As her youngest child entered kindergarten, Sulochana also headed to the classroom and completed additional degrees, this time in history and library science. She was one of very few Indian-American women of her generation to pursue higher studies while rearing a family. And, she did so with dependable efficiency, setting the dining table before her morning classes with after-school snacks, always homemade. Sulochana realized another coveted dream when she applied to and was selected as Librarian at the University of Tulsa; the John Marshall College of Law; the University of Illinois (medical school), where she also completed graduate courses for a Master’s in Library Science; and, Occidental College. She was recognized for her skills in producing original cataloging of foreign language books to specialty medical texts.
Following thirty years of service, Sulochana entered retirement eager to perfect hobbies that always had provided her cheer. As a very young child, she learned to crochet, knit, and sew, decoding on her own complex instructions in needlework books. Up to her final days, Sulochana continued to create reams of decorative crocheted pieces.
Sulochana was widely admired for her outstanding culinary skills. Each daughter knew that their Mother’s encyclopedic knowledge of recipes and techniques could set straight any kitchen crisis. And while each had their Mother’s number on their phones’ “favorites” feature, Sulochana continued to dial her daughters’ home, cellular, or work phone numbers from memory. Sulochana’s musings with her brood would range from shrewd observations on recent American presidential elections to her deep understanding of the theory of classical Indian music. For years, she studied the South Indian multi-stringed instrument, the veena, under famed Carnatic musician, Geeta Bennett.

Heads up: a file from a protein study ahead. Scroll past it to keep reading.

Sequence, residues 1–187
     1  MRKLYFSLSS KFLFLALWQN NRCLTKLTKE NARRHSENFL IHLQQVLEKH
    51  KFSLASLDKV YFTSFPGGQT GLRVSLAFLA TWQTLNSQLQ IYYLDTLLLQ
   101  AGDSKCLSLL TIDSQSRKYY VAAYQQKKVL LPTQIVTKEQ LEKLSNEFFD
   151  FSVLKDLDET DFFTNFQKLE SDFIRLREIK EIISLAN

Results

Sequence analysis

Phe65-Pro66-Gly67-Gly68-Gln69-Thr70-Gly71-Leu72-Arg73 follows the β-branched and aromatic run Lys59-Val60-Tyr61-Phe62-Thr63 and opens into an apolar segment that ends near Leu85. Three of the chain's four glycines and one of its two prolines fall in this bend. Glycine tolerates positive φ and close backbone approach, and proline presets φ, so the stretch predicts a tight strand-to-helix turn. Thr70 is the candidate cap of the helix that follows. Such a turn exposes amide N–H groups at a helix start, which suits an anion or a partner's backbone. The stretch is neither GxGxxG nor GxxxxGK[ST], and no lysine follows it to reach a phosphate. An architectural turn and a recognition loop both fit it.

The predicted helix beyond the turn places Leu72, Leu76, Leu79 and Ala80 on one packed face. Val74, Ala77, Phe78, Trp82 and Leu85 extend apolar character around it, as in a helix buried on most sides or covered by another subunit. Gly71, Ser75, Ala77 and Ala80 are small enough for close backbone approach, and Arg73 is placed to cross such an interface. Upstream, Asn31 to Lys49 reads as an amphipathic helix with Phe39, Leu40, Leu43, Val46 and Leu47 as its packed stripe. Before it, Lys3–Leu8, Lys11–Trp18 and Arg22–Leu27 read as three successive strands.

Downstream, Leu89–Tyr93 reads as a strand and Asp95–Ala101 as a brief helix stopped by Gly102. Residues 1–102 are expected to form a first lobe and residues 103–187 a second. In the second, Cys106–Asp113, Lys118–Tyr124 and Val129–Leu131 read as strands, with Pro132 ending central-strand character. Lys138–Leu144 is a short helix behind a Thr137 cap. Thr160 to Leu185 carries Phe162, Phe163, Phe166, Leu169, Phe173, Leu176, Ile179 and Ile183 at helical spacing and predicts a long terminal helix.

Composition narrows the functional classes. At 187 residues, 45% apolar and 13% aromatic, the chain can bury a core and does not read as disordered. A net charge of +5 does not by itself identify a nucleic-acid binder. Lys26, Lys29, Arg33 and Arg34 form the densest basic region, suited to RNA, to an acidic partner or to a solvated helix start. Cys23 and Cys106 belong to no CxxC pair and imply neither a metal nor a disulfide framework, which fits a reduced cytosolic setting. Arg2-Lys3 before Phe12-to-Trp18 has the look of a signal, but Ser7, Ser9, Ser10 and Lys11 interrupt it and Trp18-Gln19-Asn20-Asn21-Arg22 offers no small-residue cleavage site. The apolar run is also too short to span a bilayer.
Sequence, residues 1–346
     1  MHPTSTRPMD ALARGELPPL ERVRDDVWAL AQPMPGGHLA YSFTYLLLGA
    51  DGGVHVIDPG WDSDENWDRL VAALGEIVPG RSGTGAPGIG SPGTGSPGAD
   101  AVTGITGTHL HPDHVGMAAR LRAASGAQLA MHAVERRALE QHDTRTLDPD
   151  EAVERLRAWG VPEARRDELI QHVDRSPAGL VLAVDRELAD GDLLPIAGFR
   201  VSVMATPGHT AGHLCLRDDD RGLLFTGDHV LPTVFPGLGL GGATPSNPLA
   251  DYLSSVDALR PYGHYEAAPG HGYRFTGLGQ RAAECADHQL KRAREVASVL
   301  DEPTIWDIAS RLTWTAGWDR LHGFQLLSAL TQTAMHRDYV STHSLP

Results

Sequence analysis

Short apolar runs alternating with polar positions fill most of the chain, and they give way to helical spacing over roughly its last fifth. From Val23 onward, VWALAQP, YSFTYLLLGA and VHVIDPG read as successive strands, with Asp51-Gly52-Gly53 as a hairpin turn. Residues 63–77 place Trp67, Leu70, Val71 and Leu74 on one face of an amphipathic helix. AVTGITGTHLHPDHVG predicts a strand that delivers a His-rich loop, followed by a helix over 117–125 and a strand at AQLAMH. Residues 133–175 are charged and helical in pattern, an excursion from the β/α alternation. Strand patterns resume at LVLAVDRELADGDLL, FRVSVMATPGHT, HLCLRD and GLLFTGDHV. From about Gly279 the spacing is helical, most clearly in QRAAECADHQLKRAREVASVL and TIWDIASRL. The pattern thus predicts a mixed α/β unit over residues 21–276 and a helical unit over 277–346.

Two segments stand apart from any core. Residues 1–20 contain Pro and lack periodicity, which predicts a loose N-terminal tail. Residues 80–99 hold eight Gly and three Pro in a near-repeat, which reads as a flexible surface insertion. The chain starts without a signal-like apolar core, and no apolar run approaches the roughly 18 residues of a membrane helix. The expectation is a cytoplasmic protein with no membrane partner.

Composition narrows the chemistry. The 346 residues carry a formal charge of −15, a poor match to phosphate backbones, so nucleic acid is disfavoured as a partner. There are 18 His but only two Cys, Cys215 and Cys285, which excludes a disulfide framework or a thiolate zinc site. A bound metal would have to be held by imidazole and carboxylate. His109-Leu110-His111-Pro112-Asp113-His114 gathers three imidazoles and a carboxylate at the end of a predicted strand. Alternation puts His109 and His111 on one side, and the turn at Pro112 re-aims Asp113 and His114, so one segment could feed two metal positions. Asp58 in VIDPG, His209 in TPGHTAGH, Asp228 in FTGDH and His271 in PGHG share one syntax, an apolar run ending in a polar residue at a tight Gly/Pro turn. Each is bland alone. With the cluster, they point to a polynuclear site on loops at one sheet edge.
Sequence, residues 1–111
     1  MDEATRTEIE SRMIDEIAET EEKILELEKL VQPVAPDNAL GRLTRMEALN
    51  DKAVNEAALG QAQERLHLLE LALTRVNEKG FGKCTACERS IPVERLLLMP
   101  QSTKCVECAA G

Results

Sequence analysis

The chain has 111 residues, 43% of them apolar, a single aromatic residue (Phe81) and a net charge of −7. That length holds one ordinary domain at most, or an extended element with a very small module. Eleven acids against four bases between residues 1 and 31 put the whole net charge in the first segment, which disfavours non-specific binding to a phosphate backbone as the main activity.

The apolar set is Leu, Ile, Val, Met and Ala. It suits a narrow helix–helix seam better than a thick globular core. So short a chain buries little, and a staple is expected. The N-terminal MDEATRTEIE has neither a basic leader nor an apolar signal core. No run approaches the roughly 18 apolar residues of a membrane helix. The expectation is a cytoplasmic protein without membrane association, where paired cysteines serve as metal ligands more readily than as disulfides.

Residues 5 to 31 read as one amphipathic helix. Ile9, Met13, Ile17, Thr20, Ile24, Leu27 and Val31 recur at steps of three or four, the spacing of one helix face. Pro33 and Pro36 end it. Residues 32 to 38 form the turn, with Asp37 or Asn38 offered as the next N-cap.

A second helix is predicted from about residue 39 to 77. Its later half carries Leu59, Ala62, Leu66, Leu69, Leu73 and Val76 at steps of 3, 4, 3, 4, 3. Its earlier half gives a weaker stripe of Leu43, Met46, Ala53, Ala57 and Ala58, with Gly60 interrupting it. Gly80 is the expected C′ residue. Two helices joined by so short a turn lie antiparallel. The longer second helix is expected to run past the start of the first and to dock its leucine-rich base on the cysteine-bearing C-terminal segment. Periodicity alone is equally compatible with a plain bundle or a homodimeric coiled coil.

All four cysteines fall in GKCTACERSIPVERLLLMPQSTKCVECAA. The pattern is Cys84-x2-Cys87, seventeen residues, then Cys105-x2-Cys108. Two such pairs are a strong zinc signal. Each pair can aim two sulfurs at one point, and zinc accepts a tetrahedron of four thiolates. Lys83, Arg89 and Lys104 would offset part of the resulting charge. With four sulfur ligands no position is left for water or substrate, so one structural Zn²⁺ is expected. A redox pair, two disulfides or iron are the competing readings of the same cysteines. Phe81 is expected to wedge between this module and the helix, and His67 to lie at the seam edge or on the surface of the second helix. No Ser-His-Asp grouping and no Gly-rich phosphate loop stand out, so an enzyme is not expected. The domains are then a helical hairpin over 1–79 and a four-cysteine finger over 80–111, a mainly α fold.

In her mid-eighties, Sulochana marched into a local computer store, purchased a laptop, and completed several chapters of an autobiography. To the end, she bubbled enthusiastically about her many plans, including international travel, which she doggedly pursued into her late eighties traversing cities in southern India on days-long car trips to greet relatives. She had other hobbies, too, including curating an extensive collection of first edition books that she scoured with the finely tuned radar of a treasure hunter.
She was naturally curious about many subjects and a lifelong learner. Her core beliefs are honored by her children and grandchildren who express deep gratitude to Sulochana for her dignity and ethical conduct. Her daughters further note that Sulochana’s devotion to her family; her joy in creating beautiful, well-functioning, well- fed homes; and the pleasure and confidence she gained from reading avidly and widely feature in their own households. Sulochana leaves behind her four daughters: Renuka (Balakrishnan) of Upland, and her three daughters of San Marino, Usha (Sekhar), Sreelata (David), and Subhadra (Gerry). Sulochana holds deeply in her heart her grandchildren: Sara Kokila, Jagannathan, and Janaki. Sulochana also leaves behind her adored younger brother R.R. Krishnan and sister Sakunthala.